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  • The Food Safety Validation Technology Grant (FSVT) will provide up to $10,000 in technical assistance to help food, dairy and beverage processors “validate” that their food safety and HACCP control measures are effective and their products are safe. Validation is the process of providing scientific evidence that food safety and HACCP controls are effective and ensure all products are free from biological, chemical, and physical contaminants.

    Each participating company will:

    • Receive up to $10,000 of laboratory testing and consulting services for validation of one product or process.
    • Develop internal proficiency and capacity in food safety validation technology.
    • Reduce risk of food safety product failures and regulatory exposure.
    • Meet stringent customer requirements and ensure success on third party safety audits.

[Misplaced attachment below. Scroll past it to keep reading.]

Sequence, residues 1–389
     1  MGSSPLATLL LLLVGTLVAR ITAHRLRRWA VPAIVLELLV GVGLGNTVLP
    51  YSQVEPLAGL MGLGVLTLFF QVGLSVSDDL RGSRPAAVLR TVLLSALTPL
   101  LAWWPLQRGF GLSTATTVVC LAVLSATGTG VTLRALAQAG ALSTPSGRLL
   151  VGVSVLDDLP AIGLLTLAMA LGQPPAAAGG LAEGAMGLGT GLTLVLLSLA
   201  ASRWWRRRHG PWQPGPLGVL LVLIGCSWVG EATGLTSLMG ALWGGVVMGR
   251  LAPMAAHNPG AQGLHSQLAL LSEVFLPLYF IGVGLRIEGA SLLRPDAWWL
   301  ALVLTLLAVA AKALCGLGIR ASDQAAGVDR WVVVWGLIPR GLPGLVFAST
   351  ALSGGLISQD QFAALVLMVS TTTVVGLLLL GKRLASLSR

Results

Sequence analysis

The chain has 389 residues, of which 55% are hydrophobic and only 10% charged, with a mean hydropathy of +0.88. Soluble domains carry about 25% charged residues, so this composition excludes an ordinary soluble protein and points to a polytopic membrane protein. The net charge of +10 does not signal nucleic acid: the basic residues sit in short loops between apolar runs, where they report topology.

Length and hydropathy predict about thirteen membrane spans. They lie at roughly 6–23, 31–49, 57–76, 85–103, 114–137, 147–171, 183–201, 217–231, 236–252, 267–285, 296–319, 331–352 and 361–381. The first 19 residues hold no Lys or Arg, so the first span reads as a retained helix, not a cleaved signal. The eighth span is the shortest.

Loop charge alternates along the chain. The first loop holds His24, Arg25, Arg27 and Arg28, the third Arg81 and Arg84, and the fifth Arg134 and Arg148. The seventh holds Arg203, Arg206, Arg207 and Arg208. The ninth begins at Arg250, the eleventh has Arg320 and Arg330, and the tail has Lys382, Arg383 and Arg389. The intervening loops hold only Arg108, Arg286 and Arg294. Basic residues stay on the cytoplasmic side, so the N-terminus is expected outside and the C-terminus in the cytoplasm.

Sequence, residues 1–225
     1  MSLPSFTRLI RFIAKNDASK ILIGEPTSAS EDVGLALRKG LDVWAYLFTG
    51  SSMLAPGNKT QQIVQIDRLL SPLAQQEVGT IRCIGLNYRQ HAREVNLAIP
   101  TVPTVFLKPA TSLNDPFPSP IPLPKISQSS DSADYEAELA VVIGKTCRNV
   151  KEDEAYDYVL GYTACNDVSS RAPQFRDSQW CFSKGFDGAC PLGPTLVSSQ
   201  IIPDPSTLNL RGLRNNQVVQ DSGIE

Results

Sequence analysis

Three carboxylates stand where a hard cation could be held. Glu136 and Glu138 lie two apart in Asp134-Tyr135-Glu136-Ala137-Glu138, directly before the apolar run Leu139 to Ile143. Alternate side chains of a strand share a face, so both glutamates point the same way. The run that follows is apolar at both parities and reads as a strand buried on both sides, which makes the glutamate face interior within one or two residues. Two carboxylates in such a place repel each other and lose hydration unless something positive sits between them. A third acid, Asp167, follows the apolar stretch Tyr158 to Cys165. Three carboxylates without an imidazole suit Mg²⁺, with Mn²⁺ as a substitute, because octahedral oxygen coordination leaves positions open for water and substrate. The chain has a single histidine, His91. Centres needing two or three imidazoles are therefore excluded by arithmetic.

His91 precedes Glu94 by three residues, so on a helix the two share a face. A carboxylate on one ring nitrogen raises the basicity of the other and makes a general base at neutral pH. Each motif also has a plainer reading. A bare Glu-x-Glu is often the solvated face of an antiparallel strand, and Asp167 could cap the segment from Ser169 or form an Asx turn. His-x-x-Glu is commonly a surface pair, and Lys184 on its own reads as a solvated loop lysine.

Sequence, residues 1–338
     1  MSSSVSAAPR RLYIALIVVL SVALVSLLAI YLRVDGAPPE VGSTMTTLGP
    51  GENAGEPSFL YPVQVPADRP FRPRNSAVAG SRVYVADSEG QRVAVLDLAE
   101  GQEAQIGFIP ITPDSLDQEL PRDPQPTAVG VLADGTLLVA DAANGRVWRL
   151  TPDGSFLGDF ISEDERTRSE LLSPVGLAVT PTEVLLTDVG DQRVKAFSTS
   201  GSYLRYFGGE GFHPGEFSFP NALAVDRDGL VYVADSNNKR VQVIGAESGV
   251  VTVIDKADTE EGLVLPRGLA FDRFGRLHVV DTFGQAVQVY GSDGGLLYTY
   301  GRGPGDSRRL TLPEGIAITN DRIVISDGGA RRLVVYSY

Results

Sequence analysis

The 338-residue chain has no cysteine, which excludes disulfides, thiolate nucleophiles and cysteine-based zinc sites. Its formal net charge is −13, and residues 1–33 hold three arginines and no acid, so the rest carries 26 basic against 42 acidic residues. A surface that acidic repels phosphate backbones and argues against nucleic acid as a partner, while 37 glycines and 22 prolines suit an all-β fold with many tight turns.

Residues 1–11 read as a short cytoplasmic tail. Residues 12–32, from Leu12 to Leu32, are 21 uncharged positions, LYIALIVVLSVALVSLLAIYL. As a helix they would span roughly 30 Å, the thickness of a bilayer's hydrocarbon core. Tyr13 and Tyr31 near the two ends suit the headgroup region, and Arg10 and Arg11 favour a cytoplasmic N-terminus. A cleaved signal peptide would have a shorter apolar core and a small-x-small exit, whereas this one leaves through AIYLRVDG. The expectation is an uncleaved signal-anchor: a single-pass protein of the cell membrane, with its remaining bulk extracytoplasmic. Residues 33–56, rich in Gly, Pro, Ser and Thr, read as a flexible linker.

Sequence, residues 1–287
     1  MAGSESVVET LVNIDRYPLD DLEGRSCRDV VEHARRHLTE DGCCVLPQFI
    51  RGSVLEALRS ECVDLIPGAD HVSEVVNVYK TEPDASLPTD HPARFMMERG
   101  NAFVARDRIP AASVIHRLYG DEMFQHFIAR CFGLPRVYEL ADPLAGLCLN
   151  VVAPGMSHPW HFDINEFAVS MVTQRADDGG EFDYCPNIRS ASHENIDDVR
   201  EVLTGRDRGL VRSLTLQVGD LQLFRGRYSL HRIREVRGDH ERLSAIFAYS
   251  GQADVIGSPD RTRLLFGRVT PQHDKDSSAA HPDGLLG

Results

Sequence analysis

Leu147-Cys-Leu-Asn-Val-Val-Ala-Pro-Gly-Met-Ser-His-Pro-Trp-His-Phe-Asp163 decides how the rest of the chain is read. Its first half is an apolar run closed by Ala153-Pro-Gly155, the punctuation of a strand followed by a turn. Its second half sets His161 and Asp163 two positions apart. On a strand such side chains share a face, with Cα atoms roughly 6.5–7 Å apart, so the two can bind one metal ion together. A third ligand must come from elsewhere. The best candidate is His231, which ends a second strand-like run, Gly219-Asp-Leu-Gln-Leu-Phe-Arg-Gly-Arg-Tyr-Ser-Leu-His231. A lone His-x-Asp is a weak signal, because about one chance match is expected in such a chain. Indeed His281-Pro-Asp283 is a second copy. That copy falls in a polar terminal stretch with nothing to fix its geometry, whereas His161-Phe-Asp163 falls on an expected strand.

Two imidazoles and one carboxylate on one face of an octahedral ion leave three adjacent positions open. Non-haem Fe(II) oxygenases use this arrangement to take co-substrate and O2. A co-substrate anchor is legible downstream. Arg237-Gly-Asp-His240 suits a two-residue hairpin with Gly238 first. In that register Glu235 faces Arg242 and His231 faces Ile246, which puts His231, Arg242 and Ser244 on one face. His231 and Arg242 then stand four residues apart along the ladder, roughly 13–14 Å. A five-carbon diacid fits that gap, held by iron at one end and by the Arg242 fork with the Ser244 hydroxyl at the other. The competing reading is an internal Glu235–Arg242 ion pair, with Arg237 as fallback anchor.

If you are a Washington company interested in applying for this program, please contact Michael Schneider, Project Manager, Impact Washington at (509) 981-6348 or by email at

    Companies sometimes lack internal resources and experience in conducting validation studies that support the safety of their products. This grant program, funded by the U.S. Department of Commerce, is intended to accelerate university technology transfer and improve the global competitiveness of processors.

    Each participating company will receive a final validation study report and a template for developing their own internal processes for further validation studies.

  • Published in the December 6, 2011 Special Edition of Seattle Business Insight

    by Linda Adams, Marketing Manager
    Impact Washington

     While manufacturing is key to a strong U.S. economy, 90 percent of manufacturers are small and midsize companies that seldom have the resources to compete in an increasingly global economy. As a country, helping manufacturign thrive is one of the best investments we can make in our economy. Many people think that with so much of manufacturing moving offshore, the United States has little choice but to transition into a service economy, but Linda Adams of Impact Washington disagrees. “It’s important to fight to keep those manufacturing jobs becasue they are good jobs,” she writes. “The average salary for a worker in manufacturing is about $55,000, compared to $33,000 for the average service worker.”  Read more.